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The Sandbox: Breathing New Life Into Old Formulas

The Sandbox: Breathing New Life Into Old Formulas (photo)

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Like indie films, indie games are free to take chances that their mainstream competitors can’t, but in exchange have to work with limited financial resources that put a crimp on grand stabs at novelty. Because of that, indie games tend to stake out a unique ground where convention and experimentation meet. As seen in “Braid” and the wealth of kick-ass downloads for the iPhone, they tend to take risks within the confines of recognizable genres, whether they’re “Mario”-esque run-and-jumpers, puzzlers or combat-strategy games. Putting fresh twists on the familiar has seen some thrilling results from these under-the-radar works. That’s definitely the case with “Trine” and “Machinarium,” two excellent new indie releases that show what a bit of imagination and artistry can do for the same old formulas.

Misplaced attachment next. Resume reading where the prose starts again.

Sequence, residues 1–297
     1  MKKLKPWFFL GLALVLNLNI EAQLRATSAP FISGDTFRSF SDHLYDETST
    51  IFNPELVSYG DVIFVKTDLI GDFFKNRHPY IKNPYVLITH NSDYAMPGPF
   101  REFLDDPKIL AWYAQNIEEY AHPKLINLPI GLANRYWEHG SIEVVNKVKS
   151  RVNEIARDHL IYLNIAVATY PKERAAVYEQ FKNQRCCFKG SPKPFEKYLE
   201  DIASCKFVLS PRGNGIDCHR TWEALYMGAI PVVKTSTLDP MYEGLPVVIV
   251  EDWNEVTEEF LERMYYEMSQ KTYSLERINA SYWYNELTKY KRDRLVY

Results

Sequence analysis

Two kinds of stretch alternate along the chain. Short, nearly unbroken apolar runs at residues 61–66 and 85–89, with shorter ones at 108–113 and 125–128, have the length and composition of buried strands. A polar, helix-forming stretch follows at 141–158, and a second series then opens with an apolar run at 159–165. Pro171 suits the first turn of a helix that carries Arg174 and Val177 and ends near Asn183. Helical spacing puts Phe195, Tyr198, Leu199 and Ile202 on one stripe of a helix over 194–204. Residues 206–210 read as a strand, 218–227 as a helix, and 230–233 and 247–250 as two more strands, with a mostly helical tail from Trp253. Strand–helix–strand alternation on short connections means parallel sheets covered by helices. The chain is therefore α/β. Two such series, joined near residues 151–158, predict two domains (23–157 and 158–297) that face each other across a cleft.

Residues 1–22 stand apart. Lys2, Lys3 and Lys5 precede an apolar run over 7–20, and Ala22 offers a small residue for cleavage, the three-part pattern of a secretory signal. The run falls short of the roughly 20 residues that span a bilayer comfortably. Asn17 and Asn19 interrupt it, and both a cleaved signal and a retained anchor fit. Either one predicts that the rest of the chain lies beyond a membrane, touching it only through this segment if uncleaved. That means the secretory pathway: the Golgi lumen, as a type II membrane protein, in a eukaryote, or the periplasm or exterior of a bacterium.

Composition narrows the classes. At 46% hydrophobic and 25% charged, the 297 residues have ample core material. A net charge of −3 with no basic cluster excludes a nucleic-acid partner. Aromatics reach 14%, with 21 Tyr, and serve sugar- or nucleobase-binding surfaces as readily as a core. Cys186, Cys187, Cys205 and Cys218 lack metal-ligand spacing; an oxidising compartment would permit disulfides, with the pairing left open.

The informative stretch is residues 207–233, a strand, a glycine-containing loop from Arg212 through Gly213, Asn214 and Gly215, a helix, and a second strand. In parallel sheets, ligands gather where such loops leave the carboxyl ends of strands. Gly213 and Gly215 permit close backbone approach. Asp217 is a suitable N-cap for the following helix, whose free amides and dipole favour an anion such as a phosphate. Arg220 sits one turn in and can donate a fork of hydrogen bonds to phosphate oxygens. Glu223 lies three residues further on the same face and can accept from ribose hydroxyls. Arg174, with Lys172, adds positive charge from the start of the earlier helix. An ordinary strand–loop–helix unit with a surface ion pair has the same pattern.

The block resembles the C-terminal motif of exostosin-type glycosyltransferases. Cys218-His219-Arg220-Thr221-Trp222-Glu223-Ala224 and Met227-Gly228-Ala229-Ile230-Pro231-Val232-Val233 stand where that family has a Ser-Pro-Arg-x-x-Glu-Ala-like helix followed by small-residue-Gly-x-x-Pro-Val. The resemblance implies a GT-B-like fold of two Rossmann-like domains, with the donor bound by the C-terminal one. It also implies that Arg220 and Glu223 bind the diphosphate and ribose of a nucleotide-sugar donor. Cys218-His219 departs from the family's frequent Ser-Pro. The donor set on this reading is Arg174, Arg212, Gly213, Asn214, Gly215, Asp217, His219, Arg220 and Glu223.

“Trine,” developed by Frozenbyte and published by SouthPeak Games for the PC and, as of two weeks ago, the PS3, is about the efforts of three heroes — a wizard, a thief and a warrior — looking to locate a mysterious soul-binding object known as the Trine that holds the key to restoring their evil-plagued world. On the surface, it’s just a side-scrolling platformer, one in which you navigate a character from left to right, fight similar-looking enemies, jump over chasms and onto moving ledges, and solve puzzles in order to proceed to the next stage. It’s a tried-and-true recipe that’s far from revolutionary, and that’s part of the point — “Trine,” like so many other indies that don’t have a marketing budget, has to make itself immediately appealing to an audience weaned on traditional big-ticket franchises. It entices with a well-known structure, but underneath its old-hat exterior lies a deceptively rich adventure, not to mention one of the year’s most purely entertaining gaming experiences.